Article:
I’d like to coin a new term, to add to the novelette/novella/novel sequence, that signifies this trilogy style of writing. Novelogy is unfortunately taken, and refers to a series of short stories, probably by different authors, that together form a novel (more or less). Trilogy itself is from the Greek and refers to three dramas, rather than one drama taking up three times the space. Maybe novelitis or noveloma

Anyway, on to Fine Prey, a novel of the usual length by Scott Westerfeld. It was in the first person, and it took me chapters to figure out what gender the main character was. I suspect it took the author a while, too. I turned out to be a she. In no way did Our Hero ever act like a woman. In fact, I suspect she started out male and got neutered somewhere in the editing process.

We meet Our Heroine at the approximate age of seventeen. She has been cloistered at an alien school for most of her life, but she likes to spend her summers participating in an up-close-and-personal blood sport involving alien animals killing one another while she’s wired directly to the predator’s brain. Just what I’ve wanted to do since I was five years old!

On this particular summer off, Our Heroine gets addicted to drugs as part of her involvement with a sado-masochistic woman. I’m not calling her a lesbian because no mention (never mind motivation) was made of anyone’s sexual orientation. Our Heroine and her lover are the only people in the book who appear interested in sex at all, and even their relationship was just filler.

All along, Our Heroine retains her abiding interest in language, especially the alien language Ayan which is all she studies in school. She knows next to nothing about human culture, except for her favorite blood sport. The parts of the novel which deal with the alien language are a bit overdone, but still quite interesting, and the resolution is about language. It’s a good read, marred only by the fact that Our Heroine isn’t male.

The story would have made a whole lot more sense if she had been a he. When Our Heroine falls for Miss Right, she behaves like a male teenager, not a woman. (I didn’t know her gender at the time, and the scene did not entirely clear it up.) Soon afterwards she has a fit of teen rebellion in which she blows off her lifelong blood sport ambitions with no particular new goal in mind. Under the influence of Miss Right, she starts doing drugs, neglecting her summer reading, and running with the bad boys. All of it would have made much more sense if she had been a boy. Because women (of any age) are so much less likely to (1) sleep with women, (2) kill animals for sport, (3) dive headfirst into the bondage scene with a strange lover, (4) get addicted to recreational drugs, (5) blow off school, or (6) alienate their entire social circle than men are, Our Heroine requires that much more motivation for doing all these things. As a Hero, she would still have been largely unmotivated, but many times more believable.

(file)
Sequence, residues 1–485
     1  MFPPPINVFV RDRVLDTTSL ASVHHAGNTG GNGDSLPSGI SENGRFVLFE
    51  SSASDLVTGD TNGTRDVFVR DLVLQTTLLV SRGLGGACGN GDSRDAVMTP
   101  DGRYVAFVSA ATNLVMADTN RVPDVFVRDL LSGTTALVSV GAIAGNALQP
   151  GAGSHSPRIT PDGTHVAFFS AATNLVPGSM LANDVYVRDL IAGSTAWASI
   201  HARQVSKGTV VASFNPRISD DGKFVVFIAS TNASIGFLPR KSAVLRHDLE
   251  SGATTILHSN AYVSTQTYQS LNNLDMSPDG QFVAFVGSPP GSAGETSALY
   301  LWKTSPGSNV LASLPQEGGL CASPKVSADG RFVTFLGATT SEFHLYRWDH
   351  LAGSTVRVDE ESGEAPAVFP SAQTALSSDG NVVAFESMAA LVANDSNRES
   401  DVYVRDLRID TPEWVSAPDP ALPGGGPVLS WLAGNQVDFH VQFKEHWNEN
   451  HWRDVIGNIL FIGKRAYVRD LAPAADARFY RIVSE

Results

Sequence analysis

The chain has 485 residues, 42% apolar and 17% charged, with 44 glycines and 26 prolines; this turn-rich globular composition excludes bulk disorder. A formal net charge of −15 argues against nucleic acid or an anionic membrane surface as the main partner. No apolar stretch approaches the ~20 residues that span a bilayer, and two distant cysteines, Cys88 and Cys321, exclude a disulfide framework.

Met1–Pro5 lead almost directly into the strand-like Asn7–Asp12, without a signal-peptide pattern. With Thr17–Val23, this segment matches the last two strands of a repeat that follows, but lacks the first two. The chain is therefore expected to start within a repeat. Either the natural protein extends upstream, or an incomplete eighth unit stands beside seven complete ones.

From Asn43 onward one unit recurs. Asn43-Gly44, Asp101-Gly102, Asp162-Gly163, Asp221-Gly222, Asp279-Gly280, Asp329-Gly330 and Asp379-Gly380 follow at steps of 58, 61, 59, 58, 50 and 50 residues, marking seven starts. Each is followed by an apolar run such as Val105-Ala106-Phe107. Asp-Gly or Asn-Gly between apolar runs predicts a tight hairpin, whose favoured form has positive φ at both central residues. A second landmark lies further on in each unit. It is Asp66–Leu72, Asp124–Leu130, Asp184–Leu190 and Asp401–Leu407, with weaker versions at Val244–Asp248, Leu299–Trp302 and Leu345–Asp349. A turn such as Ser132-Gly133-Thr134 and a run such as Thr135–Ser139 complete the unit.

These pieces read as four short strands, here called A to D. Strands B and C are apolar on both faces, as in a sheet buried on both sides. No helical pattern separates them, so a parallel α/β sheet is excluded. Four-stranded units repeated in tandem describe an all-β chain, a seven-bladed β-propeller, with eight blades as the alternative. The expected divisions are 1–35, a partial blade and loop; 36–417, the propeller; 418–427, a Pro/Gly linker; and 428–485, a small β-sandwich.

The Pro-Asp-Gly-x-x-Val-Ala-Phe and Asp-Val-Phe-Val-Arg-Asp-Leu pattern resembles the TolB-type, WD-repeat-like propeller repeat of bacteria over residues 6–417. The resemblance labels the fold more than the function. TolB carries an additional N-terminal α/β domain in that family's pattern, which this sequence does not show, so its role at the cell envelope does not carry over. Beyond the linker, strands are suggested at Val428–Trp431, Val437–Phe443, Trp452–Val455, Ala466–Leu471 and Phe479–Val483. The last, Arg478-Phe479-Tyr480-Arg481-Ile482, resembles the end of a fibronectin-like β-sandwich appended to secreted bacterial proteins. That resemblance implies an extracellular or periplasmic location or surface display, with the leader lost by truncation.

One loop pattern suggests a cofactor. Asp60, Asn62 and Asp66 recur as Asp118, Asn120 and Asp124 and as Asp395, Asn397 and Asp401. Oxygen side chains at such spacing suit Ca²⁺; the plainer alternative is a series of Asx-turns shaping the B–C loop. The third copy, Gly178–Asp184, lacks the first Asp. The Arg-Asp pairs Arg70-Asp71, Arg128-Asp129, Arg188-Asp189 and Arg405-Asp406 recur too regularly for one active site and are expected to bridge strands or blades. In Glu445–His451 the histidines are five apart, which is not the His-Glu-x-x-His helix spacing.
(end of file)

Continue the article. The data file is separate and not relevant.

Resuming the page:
Raft, Blind Lake

Friday, September 26th, 2003

I picked up Raft because I haven’t quite given up on Stephen Baxter yet. It’s an old juvenlie of his, which is to say it’s a boy’s coming-of-age story, so characterization, even of said Boy, is a bit sketchy. Raft makes up for it in spades, though, with a truly original milieu.

Boy is the descendent of the survivors of a unique shipwreck - somehow his forebears took a wrong turn into a high-gravity universe where trees fly and miners walk on the surface of dead suns. The plot turns on the consequences of high, and apparently increasing, gravity, as Boy explores the decaying human societies and meets the wildlife. It’s a wonderful example of the genre.